It seems the plan to levy a charge for FoI requests has been defeated, along with the possibility of cutting the amount a request may cost before it is refused on the grounds of expense.
But there is no offer to expand the rights of the requester, either – so the loopholes used by the Conservative Government to delay or deny requests will also remain.
A government announcement that there will be “no legal changes” to the Freedom of Information legislation following a review of the act was being cautiously welcomed by campaigners on Monday.
The report of a commission established in July by Matthew Hancock, Cabinet Office minister, to examine whether the Freedom of Information (FoI) Act 2000 is too expensive and intrusive is to be published on Tuesday.
Pledging to encourage transparency in the public sector, Hancock said on the eve of publication: “After 10 years we took the decision to review the Freedom of Information Act and we have found it is working well.
“We will not make any legal changes to FoI. We will spread transparency throughout public services, making sure all public bodies routinely publish details of senior pay and perks. After all, taxpayers should know if their money is funding a company car or a big pay off.”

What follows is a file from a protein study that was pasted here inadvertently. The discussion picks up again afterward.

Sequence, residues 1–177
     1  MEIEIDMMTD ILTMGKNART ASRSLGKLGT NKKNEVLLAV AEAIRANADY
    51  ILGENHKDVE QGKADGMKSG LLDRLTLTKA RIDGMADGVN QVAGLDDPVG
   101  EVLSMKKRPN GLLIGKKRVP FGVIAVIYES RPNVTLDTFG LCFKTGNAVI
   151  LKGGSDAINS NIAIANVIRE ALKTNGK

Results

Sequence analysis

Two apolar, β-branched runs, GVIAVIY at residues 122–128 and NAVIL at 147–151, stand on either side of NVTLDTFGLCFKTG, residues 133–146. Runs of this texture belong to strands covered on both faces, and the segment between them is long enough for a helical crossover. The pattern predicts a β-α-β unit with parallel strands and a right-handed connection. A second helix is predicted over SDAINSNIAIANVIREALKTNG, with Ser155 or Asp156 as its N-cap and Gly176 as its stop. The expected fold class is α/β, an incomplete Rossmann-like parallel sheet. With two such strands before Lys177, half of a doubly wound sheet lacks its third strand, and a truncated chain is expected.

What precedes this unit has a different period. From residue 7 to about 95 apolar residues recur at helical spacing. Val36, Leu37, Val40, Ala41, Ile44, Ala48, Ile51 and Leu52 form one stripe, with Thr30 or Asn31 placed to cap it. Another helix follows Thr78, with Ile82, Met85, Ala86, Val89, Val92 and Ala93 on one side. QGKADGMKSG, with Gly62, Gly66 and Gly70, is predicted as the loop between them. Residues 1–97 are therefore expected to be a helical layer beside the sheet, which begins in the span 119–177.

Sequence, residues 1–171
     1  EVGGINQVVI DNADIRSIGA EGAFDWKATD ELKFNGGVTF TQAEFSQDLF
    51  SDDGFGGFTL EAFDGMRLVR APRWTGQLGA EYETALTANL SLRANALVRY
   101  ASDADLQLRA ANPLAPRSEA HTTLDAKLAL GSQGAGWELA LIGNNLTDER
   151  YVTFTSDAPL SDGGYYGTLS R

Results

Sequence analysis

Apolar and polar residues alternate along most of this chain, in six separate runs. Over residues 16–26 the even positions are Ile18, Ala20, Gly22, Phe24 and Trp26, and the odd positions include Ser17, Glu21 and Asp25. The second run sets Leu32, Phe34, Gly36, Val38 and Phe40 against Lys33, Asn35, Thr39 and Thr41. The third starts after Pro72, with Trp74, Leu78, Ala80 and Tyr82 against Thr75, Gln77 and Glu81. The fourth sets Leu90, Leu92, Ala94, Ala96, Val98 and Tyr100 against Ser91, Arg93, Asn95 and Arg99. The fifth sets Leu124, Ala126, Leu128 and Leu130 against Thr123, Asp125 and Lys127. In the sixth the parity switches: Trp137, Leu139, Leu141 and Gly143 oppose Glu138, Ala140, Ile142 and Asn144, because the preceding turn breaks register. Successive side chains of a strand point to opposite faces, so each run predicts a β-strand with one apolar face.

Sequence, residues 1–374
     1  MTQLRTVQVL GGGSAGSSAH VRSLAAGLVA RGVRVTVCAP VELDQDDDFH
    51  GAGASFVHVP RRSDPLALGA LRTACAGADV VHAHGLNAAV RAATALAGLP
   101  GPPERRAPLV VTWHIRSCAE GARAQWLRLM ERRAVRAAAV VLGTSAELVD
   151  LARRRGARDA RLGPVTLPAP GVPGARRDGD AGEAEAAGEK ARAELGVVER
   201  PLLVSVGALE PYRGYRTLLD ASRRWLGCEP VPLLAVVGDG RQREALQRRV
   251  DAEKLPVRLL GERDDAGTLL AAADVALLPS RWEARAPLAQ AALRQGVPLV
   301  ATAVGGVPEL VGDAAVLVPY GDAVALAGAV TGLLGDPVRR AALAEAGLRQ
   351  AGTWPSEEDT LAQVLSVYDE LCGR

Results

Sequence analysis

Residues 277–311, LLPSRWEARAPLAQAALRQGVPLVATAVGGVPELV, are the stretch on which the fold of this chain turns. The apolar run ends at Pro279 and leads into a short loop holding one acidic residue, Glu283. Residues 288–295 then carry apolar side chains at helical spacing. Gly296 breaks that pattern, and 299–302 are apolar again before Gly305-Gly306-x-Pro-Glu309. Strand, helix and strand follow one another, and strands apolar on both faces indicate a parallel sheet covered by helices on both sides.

The five-member committee, which has been described by campaigners as an “establishment stitch-up”, includes the former Labour foreign secretary Jack Straw, who is already on the record calling for the act to be rewritten.
Also on the panel is former Conservative party leader Michael Howard, whose gardening expenses were criticised after being exposed by FoI requests, and Dame Patricia Hodgson, the deputy chair of Ofcom, which has criticised the act for its “chilling effect” on government.
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